Tag Archives: peat

Scotchy, scotch, scotch. Down into my belly.

You know what’s more pretentious than a wine snob that will only drink classified growths? A scotch drinker. I’m kidding (no, I’m not).

I’ve had a number of die-hard scotch clients in my career and I have never been able to convert a single one to a different beverage. And not only is it pointless to suggest a different type of whisk(e)y to a scotch drinker, it usually is a waste of breath to mention switching from a blended scotch to single malt and vice versa. You also better find out if ice cubes are tolerated or considered sacrelige because a wrong guess could mean having a new hole torn in a sensitive area. What is it that is so crutial about this bevvy? Hell, if I know, but here’s what I can tell you:

Scotch whisky (notice the absence of the ‘e’) is a malt or grain whisky distilled, aged a minimum of three years, and bottled in Scotland.  That’s the simple part.ey-region-map

There are five main whisky producing regions in Scotland;
Highlands, Lowlands, Speyside, Campbeltown, and Islay, each with a distinct style and sense of terroir, generally defined by how potently the peat smoke is sensed. Peat is prehistoric compost that is cut, dried, and smoked to add flavor to the malt during the drying process. It adds a unique rustic, earthy nuance to the whisky. Some folks love it and those that don’t avoid scotch.

EDC2A9 Peat burning at the Laphroaig Whisky Distillery on the island of Islay, Scotland
Peat burning at the Laphroaig Whisky Distillery on the island of Islay, Scotland. Photo credit Wine Enthusiast

In each of these regions we break down, even further, into two main types of scotch – blended and single malt. This difference is the question I am asked most often and usually serves to confuse more than it answers, so I’m gonna keep it really cut and dry here. If you have more questions, please send me a message or comment and I can develop.

  • A blended scotch whisky is a blend of various whiskies from multiple batches and distilleries. There is not a distillery named J&B or Johnnie Walker or Buchanan. All of these are different brand names owned by Diageo that employs Master Blenders to combine seperate batches of whisky to arrive at consistent “house” styles.
  • A single malt scotch whisky is also a blend of various whiskies from multiple batches, but originating from one single distillery. The distilleries employ their own Master Distillers that typically double as the Master Blender. It doesn’t matter if the whisky was aged in European or American oak, finished in Pomerol barrels, or if the some of the blend was aged 3 years and some 18. If it comes from one distillery (The Glenlivet, Ardberg, or Dalmore, for example) it may be called a single malt.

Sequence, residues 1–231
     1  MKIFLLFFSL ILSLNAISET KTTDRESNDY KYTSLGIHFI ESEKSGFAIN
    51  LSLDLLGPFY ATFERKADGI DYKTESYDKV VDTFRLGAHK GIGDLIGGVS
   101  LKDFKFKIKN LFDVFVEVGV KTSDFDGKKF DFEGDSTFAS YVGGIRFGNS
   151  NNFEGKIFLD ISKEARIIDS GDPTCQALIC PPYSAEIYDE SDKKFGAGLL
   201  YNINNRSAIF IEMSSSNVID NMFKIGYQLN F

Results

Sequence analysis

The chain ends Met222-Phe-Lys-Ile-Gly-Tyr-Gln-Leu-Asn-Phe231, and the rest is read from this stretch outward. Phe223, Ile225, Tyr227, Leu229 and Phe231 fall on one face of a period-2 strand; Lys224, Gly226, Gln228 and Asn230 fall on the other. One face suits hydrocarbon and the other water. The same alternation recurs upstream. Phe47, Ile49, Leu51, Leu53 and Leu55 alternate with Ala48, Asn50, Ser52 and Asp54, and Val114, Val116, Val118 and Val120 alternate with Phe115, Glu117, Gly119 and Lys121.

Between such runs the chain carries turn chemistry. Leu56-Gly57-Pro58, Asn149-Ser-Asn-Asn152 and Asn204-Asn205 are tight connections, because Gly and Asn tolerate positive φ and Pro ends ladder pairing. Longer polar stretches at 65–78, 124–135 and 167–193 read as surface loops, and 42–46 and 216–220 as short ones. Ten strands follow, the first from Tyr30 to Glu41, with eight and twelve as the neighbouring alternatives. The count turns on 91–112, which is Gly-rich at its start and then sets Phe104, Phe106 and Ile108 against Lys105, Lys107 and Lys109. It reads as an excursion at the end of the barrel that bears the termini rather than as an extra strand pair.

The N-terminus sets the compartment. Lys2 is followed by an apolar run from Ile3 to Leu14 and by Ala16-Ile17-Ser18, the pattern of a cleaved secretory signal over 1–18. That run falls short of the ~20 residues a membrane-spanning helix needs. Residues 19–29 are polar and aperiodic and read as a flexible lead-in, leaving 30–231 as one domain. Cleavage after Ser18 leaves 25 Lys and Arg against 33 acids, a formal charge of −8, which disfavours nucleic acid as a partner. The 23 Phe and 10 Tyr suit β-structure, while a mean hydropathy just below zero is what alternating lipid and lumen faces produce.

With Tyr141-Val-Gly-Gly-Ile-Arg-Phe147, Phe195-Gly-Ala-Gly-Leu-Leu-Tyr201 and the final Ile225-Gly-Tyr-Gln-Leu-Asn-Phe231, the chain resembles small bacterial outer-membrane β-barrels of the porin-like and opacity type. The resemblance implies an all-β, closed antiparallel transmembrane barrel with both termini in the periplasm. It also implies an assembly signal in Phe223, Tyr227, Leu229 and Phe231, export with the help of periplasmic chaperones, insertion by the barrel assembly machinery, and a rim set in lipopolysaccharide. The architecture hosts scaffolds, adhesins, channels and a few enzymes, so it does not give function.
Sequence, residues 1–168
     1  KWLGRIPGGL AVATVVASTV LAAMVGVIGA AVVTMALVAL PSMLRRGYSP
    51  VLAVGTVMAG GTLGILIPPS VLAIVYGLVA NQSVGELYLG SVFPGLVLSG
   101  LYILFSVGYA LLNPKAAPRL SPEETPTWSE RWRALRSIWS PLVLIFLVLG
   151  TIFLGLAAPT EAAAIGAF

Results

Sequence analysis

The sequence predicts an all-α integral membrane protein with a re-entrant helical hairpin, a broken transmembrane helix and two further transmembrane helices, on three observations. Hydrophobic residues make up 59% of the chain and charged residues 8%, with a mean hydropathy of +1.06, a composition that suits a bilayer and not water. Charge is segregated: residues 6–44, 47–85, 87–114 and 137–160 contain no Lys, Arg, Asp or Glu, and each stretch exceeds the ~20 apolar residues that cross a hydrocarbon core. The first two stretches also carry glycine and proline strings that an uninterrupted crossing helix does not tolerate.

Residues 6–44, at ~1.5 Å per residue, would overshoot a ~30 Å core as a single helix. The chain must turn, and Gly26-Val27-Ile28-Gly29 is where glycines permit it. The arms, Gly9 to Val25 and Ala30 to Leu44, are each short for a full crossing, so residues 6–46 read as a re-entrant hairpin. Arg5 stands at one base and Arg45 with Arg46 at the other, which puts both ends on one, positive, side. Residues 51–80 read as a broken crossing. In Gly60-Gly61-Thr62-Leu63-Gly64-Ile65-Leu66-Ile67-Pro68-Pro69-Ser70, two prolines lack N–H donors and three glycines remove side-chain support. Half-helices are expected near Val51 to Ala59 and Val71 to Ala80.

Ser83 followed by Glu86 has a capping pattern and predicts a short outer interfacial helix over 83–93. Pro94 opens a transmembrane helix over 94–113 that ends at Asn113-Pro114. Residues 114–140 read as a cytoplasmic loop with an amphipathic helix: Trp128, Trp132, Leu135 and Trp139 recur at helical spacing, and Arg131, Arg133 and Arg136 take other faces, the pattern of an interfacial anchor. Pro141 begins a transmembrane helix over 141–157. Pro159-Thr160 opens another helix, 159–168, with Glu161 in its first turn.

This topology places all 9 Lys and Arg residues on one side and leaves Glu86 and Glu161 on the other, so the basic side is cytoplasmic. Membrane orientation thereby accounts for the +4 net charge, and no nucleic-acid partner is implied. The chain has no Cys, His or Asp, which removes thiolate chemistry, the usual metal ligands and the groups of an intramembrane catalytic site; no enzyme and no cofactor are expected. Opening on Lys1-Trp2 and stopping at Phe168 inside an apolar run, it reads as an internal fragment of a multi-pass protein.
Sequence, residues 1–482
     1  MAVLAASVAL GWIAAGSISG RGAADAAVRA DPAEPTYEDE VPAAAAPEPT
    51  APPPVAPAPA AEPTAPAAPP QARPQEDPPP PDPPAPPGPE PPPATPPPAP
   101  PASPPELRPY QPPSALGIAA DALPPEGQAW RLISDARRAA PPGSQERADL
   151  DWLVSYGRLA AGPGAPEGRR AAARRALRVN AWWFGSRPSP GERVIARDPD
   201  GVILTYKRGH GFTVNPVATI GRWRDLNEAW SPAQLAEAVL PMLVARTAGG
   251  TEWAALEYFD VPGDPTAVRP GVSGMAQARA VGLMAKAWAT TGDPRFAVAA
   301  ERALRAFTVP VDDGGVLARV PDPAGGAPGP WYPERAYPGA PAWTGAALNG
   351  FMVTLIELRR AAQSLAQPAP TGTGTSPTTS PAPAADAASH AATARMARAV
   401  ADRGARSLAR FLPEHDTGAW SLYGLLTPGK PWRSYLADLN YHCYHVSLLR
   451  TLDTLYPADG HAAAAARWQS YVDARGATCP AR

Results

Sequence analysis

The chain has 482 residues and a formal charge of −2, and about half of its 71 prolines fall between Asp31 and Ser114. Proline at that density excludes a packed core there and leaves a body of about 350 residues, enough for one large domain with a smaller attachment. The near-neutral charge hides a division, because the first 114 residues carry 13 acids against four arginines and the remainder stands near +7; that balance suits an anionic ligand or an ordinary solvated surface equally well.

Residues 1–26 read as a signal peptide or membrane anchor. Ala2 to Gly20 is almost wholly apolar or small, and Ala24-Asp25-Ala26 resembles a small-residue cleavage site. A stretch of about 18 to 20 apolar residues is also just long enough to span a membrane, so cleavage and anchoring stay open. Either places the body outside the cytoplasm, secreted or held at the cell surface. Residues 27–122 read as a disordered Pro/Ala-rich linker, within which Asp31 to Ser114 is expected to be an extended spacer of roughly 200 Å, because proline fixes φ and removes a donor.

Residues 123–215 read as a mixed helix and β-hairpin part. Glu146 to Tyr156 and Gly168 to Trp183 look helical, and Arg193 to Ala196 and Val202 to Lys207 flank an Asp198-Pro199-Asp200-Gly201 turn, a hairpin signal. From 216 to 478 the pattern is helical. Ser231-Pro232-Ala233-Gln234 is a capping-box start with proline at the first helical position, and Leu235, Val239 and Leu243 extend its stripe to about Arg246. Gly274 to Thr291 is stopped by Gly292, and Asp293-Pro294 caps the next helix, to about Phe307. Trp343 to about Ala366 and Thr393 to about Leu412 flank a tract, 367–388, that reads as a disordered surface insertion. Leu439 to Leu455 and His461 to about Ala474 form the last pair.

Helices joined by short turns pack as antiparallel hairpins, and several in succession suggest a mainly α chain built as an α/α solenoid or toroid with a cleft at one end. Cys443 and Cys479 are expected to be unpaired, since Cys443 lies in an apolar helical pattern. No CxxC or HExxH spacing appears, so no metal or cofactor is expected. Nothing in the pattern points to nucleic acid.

To avoid proving how much of an outsider I really am, here’s where I’ll be shuttin me geggie as far as technical aspects go.

ABRACHAN Triple Oaked Blended Malt Scotch Whisky (>€15) 15027417_909875919144897_5331911791707177156_n

For the past year I’ve picked up on a little industry buzz about the store brand blended scotch for Lidl (supermarket chain). I’d read it had blown away the bigger name brands at several European competitions. As a wine judge I know better than to get caught up in that type of spin, but I thought that for 15 euros, I wouldn’t be risking much.

The label reads that it is a rich, silky, and smooth blend of single malts (trying to sound more chic than reality without using false claims) and that the use of bourban barrels, oloroso sherry butts, and tawny port ‘cigars’ have added a complexity to the blend.

The first thing I noticed is that the color is really dark – like something that should have been aged at least 18 years. giphy

Yeah, they’re adding caramel coloring. It happens more often than you’d think (what, you thought Señors Cuervo and Bacardi really age all that “gold” tequila and rum? hahaha).15032833_909875909144898_1601003585466097459_n

The nose furthered my suspicions when the bouquet offered no wood scent – bourban, sherry or otherwise. I did pick up on some black cherry notes that were pleasant and a hint of smoke.

The mouthfeel was not what I would describe as rich, silky, and smooth. Not at all. It was actually rather thin and had a short finish, indicitive of very young spirits. The alcohol burned – and not in the good way. The flavors were orange peel, candied black cherry, sea salt, earth.

I decided that this would be a mixing scotch, so I added some Coca Cola to finish the glass.  I had a headache within two hours. Get what you pay for, dammit.

14117958_863590283773461_4595526271817123840_n
Not a scotch. Not even a bourban. Still rocks.

So, no, this will not be poured into my spirits decanter because 1) it does not merit the honor and 2) I already have BULLEIT Rye Whiskey in there.